Food: Salt baked vegetable soup with hay ash

Based on the NOMA dish of vegetables salt baked with hay ash, I was inspired to make this soup. It combines my love for plant based cookery with a nod to New Nordic cuisine.

 

You’ll need:

For the salt dough:

 

  • 450g (2 cups) of plain flour
  • 112g (½ cup) table salt
  • 200ml (1 cup) warm water

 

For the soup:

  • 2 Small turnips
  • 1 Large Potato
  • 2 Medium carrots
  • ¼ Celeriac
  • 2 Medium parsnips
  • 1 Medium leek
  • 500ml water
  • Black pepper

 

To finish:

  • 1 tbs hay ash (I used a handful of hay, bought here)
  • 1tbs Oatly crème fraîche
  • 1tbs Seaweed black caviar (available to buy from IKEA)
  • 1tsp rye bread crumbs
  • A sprinkle of Saltverk lava salt

 

To make the dough, simply mix the salt and flour together in a bowl, whilst slowly adding the water until it comes together into a dough. Knead it for a few minutes until all the ingredients are evenly distributed. Roll out to 3-4mm thick on a floured surface.

Cover the vegetables, until they are all wrapped up cosy in their salt dough blankets. Make sure you seal all the corners. Use a pinch of water if you need to make sure they are glued shut. You want the vegetables to steam in their own moisture in the oven. Place the vegetables in a baking dish and then into the oven on low (140°C) for an hour and a half.

During this time you can start prepping the hay. Get a handful of hay, place into a baking dish/ metal box and in a well ventilated area, set it alight with a match. Leave it burn down to ashes. Have some water/ emergency equipment on hand, just in case. Once it has turned to ash, you can use them to add an earthy, smoky, bitterness to a dish.

Once the vegetables have finished baking, they should have become fudgy, with their flavour, intensified. Break open their shells and place on a chopping board. Be careful at this stage because they are hot and you don’t want any stray pieces of the dough casings. Peel the celeriac, the skin should come away easily. Chop all of them up into small chunks, and add them one by one into a lightly oiled pan, starting with the leeks. Add the water and stir on a medium heat. Season with black pepper. The dish shouldn’t require more salt but taste test at this point just in case. Place the lid on and let it cook for a good 20 minutes on low.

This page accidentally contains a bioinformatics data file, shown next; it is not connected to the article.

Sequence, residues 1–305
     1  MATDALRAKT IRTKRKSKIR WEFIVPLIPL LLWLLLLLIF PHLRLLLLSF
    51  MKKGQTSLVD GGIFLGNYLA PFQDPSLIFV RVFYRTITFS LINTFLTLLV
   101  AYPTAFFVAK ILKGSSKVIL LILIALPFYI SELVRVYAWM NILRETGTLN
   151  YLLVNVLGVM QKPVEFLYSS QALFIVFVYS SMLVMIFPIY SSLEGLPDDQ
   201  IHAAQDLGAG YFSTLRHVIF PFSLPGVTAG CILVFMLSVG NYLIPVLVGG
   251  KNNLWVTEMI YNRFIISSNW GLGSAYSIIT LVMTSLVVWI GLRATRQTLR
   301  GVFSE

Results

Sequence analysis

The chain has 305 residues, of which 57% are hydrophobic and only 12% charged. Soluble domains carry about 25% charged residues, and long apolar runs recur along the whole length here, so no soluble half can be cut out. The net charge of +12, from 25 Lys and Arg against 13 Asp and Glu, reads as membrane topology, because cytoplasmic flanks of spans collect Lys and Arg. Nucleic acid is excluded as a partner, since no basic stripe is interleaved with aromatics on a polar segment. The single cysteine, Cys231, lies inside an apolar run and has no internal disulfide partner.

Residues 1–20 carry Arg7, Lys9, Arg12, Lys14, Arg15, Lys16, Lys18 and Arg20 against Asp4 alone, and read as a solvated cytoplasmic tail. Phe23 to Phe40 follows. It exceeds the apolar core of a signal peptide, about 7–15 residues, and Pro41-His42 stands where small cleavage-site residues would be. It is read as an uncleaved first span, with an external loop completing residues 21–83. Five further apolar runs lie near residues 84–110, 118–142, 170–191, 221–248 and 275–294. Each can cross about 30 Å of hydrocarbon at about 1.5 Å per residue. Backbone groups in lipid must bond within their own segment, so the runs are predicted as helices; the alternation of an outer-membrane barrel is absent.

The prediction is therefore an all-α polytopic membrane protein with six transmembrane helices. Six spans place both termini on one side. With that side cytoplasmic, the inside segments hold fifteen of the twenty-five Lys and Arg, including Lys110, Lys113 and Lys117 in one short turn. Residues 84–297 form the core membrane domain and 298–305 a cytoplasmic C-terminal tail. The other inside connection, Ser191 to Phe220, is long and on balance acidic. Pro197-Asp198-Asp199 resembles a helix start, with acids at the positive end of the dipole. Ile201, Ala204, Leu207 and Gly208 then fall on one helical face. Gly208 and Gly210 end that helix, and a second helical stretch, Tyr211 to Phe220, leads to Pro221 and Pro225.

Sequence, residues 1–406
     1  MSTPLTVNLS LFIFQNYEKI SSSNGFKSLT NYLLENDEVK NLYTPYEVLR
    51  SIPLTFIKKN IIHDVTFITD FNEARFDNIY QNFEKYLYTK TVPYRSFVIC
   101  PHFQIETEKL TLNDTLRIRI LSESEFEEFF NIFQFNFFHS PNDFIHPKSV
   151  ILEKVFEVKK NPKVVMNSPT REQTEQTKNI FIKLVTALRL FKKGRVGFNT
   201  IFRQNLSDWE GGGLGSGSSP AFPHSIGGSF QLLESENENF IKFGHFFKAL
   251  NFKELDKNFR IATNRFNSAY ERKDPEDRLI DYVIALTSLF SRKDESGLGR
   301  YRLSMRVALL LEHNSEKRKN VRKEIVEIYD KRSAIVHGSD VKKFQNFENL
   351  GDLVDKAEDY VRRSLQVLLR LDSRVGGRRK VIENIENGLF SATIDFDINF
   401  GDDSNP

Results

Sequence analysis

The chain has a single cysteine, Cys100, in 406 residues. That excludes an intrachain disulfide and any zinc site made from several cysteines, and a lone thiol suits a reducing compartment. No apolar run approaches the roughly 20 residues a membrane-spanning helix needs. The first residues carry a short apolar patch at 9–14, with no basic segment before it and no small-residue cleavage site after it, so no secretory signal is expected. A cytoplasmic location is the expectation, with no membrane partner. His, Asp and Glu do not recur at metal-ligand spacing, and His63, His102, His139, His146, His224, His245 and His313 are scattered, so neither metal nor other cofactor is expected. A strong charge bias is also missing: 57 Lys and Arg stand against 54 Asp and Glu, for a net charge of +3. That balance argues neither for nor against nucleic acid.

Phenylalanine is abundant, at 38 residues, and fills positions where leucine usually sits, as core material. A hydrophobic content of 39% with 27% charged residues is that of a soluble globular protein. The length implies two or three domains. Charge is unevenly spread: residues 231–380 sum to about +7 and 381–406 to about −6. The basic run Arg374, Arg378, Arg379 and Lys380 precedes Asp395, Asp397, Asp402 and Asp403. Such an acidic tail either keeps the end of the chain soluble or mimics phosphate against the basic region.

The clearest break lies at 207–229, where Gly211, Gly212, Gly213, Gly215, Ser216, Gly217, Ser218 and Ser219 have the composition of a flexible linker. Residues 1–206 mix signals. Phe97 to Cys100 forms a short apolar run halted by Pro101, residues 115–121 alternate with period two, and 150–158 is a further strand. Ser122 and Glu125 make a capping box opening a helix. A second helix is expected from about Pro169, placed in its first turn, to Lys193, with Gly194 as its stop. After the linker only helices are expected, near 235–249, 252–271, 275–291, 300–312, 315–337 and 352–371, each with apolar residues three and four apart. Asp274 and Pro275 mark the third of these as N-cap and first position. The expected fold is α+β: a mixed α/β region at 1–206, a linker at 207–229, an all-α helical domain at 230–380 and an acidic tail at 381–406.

Once removed, place into a bowl and whizz together with a stick blender until you get a smooth and even consistency. To serve simply replace into the pan and re-heat on low if needed.

To garnish, add a dollop of Oatly craimè fraîche to the bottom of the bowl and then finish the soup with sprinkle of lava salt, rye crumbs and the hay ash. Rest the caviar on the island of craimè fraîche.

(I’d recommend pairing it with a full bodied porter or IPA, I paired ours with an Einstök Icelandic Toasted Porter)

Enjoy!

 

 

 

 

 

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Food: Kjötsúpa

As the Brilliant Icelandic drama ‘Trapped’ came to a close on the weekend, I thought, there’s nothing better (and more apt!) than to make my take on the traditional Icelandic soup (and cold cure) kjötsúpa. All of these products can be purchased from Asda.

Serves 4

To make, you’ll need:

  • 600g smoked lamb (I used 2 packets of Butcher’s Selection Honey & Mint Boneless Oak Smoked Lamb Shoulder- minus the sauce sachet)
  • 3 large carrots, chopped
  • 1 large onion, chopped
  • 3 small turnips, chopped
  • 1.5 litres water
  • 2 leeks, chopped finely
  • 2 bay leaves
  • 2 tbs rolled oats
  • Handful of kale
  • Handful of baby potatoes (skin on), chopped
  • Sprig of lemon thyme
  • Salt & pepper

Begin by bringing a large pan of water to simmer. Prepare the lamb by cutting it into small cubes and finely chop the onion. Add both to the water, season and allow to simmer gently for around an hour.

Chop the leeks, turnips, carrots and potatoes into ‘stew’ sized chunks and add to the pot. I left all my veg skin-on for the extra rustic touch. Add the lemon thyme and bay leaves and let it carry on simmering for another hour. During the last half an hour take the lid off and let it reduce a little. Sprinkle in the oats to thicken the broth. Stir in the kale just before you serve. You can even take it off the hob and let the residual heat work on the kale.

It’s now ready to serve.

I served mine with a rye loaf and an IPA.

Enjoy!